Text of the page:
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Wednesday, September 28, 2005  
Window to the world

Purwa Khandelwal browses through Iraqi painter Sabeeh Kalash’s art

WHEN one enters the world of Iraqi artist Dr Sabeeh Kalash, one is instantly struck by the vibrant hues of purple and blue in his paintings. “These colours depict the vibrancy of life and enthusiasm,”
he says.

Yet, quite ironically, his most beautiful painting tells us of the saddest thoughts. Out of his 27 paintings that are on display at the Omani Centre for Fine Arts in Muscat in a six-day exhibition that ends today, Weeping Mother is probably the one that attracts most critics and art enthusiasts.

“It is the despair and devastation of a mother that shrieks out of the painting,” says Dr Khalil Salman, an art critic, while observing the painting. And as it turns out, the painting not just reflects sadness, it is also built around political and social complexities.

“It’s a woman wailing over the dead body of her son. It is about Saddam Hussein’s regime, when children used to get kidnapped and killed. In this painting, the woman finds the body of her son after a long time. It is beyond recognition now, and she is crying over it,” says Kalash, who has been teaching history of art at the Sultan Qaboos University for four years now.

But in a subject as grim as this, Kalash’s optimism conspicuously finds its place. While the entire painting has a mélange of purple, green and black colours that contribute to the darkness of the theme, the artist has given light shades on the top left. “From darkness to light. After the dark period of Saddam’s regime, I hope for a bright future,” Kalash explains.

Kalash’s other painting that instantly draws attention is The Bridge Catastrophe, his comment on the recent Khadimiya mosque incident in Iraq where hundreds died in a stampede following a bomb scare even as many more threw themselves off a bridge into the strong currents of the Tigris in a desperate attempt to survive.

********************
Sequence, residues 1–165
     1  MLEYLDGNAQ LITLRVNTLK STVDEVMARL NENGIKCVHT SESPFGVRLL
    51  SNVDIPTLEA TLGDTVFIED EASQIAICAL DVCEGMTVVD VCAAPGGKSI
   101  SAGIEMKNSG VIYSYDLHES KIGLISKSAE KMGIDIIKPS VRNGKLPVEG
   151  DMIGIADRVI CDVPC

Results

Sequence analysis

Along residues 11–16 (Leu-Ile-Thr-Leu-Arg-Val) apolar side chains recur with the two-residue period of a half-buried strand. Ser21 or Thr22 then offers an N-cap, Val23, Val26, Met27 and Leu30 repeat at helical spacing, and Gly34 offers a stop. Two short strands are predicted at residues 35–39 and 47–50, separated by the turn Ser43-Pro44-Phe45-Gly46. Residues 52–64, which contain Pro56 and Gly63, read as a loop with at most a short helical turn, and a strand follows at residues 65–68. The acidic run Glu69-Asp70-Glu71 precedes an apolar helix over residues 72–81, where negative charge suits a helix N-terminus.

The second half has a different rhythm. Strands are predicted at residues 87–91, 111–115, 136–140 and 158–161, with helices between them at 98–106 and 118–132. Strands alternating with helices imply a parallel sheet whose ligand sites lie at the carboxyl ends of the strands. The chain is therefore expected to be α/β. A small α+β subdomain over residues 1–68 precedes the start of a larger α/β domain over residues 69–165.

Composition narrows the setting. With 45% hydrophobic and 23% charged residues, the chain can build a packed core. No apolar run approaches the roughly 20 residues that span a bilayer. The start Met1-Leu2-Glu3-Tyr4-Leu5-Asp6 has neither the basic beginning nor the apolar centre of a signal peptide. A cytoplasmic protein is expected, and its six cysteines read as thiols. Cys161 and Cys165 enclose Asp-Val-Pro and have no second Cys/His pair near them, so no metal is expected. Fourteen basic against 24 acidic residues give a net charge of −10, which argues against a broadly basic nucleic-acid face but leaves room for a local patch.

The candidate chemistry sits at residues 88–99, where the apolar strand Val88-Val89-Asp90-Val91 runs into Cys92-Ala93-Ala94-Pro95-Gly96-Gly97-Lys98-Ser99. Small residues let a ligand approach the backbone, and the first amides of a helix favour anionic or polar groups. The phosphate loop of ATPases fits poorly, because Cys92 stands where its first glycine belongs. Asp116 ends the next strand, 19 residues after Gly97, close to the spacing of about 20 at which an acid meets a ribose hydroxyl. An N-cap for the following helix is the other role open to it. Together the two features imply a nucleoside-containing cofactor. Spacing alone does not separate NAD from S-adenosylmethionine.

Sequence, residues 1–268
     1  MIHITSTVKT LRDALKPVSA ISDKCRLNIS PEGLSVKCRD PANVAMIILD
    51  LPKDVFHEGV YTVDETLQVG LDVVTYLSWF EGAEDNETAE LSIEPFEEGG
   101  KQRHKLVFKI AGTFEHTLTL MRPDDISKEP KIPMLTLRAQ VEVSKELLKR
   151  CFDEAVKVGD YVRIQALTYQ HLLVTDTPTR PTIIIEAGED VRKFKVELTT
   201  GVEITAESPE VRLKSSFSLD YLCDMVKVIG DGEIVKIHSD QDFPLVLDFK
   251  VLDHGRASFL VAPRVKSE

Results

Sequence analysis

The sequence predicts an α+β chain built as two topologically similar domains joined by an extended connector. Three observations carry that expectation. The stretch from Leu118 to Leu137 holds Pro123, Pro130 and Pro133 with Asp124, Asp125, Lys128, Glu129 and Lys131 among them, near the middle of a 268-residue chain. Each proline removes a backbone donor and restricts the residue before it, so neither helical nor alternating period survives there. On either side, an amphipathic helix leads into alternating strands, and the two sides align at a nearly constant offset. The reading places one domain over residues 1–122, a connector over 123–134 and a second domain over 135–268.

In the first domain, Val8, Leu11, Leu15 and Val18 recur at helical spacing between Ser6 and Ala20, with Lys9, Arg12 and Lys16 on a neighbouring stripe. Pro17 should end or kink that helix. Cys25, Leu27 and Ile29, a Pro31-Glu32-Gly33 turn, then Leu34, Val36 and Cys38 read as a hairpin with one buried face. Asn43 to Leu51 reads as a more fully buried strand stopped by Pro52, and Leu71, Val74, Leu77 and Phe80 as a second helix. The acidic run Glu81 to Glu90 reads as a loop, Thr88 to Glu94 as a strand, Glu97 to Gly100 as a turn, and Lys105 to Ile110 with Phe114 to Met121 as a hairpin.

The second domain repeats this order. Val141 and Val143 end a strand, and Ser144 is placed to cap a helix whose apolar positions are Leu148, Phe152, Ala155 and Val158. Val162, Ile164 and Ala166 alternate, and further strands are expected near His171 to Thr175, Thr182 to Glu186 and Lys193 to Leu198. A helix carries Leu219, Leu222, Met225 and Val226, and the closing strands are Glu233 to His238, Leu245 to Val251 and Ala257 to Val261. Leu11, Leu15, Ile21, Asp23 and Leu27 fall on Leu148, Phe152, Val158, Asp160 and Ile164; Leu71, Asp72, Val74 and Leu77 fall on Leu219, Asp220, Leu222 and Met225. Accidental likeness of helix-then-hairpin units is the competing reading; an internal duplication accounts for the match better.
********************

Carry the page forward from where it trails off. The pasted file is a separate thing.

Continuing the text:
But for Kalash, variety is the spice of life. So, even though his paintings do comment on the political realities of the time, they do not shy away from the finer aspects of life.

Omani Glamour shows a long necklace worn by women of the Sultanate. “This necklace is symbolic of a woman and her beautiful heart on which it rests,” says Haydar, his son, who helped Kalash in setting up the exhibition. Similar aspects of feminine beauty, youth and mystique have also been depicted in The Henna Night, Omani Maiden and Omani Charm.

His use of Omani motifs such as frankincense burner, dagger, water, oil, palm trees and dates was not lost on anybody, and nor was his latest design of windows. “These are windows to the world,” Kalash says.

“He has given us an insight into the Arab world in general and Oman in particular. There is something for all of us to learn and understand the past and look forward to a better future from his paintings,” said Rehna Al Balushi.

Haydar adds that his father has introduced a new style of painting motifs inside blocks in most of his latest paintings. “Of course, these motifs have a meaning. They are again a commentary on the times. In these windows, you may find important dates from the history of Iraq or something as beautiful as a heart,” he says.

In one of these windows, you can notice the number ‘9’ - the day, Saddam’s regime fell. In another, you can notice ‘27’. Kalash blushes when you ask about it, but refuses to explain.

Kalash essentially turns out to be an artist of optimism. He talks about civilisation and the cycle of life (Tree of Faith), about good things in this world (Butterflies) and about evolution (The New Dawn). 

While he does philosophise on life, he does not hesitate to celebrate physical and material beauty of the world. Nor does he stray from its gruesome realities. And there lies the uniqueness of his art.

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